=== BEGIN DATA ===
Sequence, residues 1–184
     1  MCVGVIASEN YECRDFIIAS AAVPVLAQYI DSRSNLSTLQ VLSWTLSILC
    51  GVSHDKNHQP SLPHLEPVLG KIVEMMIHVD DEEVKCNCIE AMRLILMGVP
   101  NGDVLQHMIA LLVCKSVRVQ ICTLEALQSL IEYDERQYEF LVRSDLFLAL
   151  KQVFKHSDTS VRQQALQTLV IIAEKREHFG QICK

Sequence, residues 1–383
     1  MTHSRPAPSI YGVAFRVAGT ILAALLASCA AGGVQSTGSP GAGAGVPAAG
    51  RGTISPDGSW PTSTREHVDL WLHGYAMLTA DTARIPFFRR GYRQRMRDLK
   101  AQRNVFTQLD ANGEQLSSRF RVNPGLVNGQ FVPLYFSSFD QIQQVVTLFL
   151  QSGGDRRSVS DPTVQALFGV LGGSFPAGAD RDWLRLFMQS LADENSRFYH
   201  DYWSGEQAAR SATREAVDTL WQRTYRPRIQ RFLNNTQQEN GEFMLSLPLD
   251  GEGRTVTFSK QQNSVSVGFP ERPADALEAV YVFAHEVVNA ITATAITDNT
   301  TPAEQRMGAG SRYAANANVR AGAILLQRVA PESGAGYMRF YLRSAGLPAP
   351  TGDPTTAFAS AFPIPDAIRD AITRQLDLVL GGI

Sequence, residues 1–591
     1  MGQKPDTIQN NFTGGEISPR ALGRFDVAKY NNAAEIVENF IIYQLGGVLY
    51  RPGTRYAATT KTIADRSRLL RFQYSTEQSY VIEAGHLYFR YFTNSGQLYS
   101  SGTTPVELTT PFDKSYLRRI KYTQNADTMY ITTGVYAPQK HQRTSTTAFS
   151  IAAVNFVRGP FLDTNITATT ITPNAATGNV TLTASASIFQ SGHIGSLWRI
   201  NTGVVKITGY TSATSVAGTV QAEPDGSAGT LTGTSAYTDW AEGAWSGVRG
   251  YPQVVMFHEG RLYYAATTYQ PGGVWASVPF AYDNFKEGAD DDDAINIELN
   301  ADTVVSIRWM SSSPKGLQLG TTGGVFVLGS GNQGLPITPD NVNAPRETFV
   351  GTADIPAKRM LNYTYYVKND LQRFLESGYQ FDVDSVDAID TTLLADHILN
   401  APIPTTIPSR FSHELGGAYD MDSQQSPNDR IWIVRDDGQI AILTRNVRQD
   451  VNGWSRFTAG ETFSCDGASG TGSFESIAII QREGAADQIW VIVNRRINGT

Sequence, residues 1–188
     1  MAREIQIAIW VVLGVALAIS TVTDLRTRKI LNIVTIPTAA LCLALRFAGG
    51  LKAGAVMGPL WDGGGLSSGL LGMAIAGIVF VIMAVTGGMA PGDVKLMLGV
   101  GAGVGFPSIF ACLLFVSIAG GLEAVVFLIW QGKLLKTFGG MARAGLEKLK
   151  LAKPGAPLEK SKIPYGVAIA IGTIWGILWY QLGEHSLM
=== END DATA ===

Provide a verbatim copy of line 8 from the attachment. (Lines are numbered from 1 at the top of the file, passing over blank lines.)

    51  RGTISPDGSW PTSTREHVDL WLHGYAMLTA DTARIPFFRR GYRQRMRDLK